Dirty Little Secret by Jennifer Echols
Release Date: July 16th, 2013
MTV Books, 273 Pages
Source: eARC from Publisher via Edelweiss (Thank you!)
Sub-genre: Contemporary/Realistic Fiction
Age Group: Mature Young Adult (16+ for sexual content)
Bailey wasn’t always a wild child and the black sheep of her family. She used to play fiddle and tour the music circuit with her sister, Julie, who sang and played guitar. That ended when country music execs swooped in and signed Julie to a solo deal. Never mind that Julie and Bailey were a duet, or that Bailey was their songwriter. The music scouts wanted only Julie, and their parents were content to sit by and let her fulfill her dreams while Bailey’s were hushed away.
Bailey has tried to numb the pain and disappointment over what could have been. And as Julie’s debut album is set to hit the charts, her parents get fed up with Bailey’s antics and ship her off to granddad’s house in Nashville. Playing fiddle in washed-up tribute groups at the mall, Bailey meets Sam, a handsome and oh-so-persuasive guitarist with his own band. He knows Bailey’s fiddle playing is just the thing his band needs to break into the industry. But this life has broken Bailey’s heart once before. She isn’t sure she’s ready to let Sam take her there again…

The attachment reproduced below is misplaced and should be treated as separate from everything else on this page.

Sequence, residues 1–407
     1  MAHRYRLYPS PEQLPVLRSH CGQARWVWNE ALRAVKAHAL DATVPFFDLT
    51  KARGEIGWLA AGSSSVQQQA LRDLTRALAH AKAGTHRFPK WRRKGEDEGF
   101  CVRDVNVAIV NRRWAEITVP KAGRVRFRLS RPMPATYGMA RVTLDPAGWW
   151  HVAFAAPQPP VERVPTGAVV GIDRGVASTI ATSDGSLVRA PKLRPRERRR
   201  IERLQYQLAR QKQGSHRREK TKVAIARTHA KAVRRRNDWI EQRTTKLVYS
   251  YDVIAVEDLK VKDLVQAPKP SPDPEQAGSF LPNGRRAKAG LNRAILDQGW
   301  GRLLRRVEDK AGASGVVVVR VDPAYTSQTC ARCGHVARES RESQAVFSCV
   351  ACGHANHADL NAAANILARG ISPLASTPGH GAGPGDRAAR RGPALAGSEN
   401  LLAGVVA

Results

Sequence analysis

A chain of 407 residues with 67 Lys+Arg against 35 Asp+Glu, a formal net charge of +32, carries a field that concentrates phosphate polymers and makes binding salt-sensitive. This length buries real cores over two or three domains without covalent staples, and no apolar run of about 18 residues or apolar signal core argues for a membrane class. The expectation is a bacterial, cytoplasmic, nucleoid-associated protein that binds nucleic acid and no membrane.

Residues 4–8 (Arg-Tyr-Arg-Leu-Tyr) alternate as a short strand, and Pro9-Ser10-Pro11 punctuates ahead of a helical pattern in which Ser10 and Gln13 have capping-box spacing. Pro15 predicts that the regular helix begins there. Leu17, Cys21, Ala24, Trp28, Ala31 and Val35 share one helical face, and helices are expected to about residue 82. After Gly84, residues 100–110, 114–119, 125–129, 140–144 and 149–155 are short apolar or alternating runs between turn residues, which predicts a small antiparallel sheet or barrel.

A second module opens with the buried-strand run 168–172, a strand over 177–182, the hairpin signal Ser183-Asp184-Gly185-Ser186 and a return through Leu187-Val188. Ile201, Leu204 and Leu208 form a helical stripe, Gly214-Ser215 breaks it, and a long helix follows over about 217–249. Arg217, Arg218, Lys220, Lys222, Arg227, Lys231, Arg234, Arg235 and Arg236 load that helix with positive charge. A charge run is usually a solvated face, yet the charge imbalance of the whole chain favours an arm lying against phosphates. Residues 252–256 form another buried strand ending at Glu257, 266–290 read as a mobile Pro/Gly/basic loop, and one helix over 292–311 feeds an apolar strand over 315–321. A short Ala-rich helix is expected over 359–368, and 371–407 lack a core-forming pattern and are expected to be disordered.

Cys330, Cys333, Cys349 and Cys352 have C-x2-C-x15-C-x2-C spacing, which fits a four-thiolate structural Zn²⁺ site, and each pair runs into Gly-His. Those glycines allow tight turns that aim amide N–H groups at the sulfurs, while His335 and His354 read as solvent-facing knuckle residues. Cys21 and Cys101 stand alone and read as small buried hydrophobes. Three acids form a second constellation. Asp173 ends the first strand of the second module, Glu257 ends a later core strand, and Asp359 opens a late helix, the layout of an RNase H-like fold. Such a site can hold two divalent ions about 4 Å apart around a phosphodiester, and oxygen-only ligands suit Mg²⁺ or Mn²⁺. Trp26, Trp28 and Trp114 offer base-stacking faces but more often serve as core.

Having only read one Jennifer Echols book before (Such a Rush), I wasn’t sure what to expect from Dirty Little Secret. I will admit that the beginning definitely had me interested, but as I progressed in the book, I found the main character, Bailey, to be annoying and the love interest, Sam, to be overly ambitious to the point of irritation (how many people are you willing to step on to make it to the top?!).
Bailey’s voice was definitely unique and I understood her situation but my goodness, how childish can a girl act? She felt overly whiny and reminded me of a spoiled child throwing a quiet tantrum in the corner. Did her parents do the right thing? No, but be mature! Sam, on the other hand, annoyed me because he was willing to throw away any and all relationships and step on anyone and everyone in order to “make it” in Nashville. Use people much?
The plot was a little slow in the beginning but it picked up after that. But the most distracting thing was probably the in-depth music talk that I could NOT understand. It was just a little too advanced for me – some might say that it adds credibility to the book but I just felt leftout. There are other YA books about music and bands that have jargon without getting so technical that I’m totally lost – Wildflower by Alecia Whitaker or Exile by Kevin Emerson.
The message of “Go after your heart’s desire” is a good one, especially for teens but I’d like to add this: please don’t take the Sam approach and be willing to stand on top of others just to get to the top.
I’m definitely in the minority of readers seeing as how many of my friends enjoyed this one. So, if you like steamy + romance + music you should give Dirty Little Secret by Jennifer Echols a try.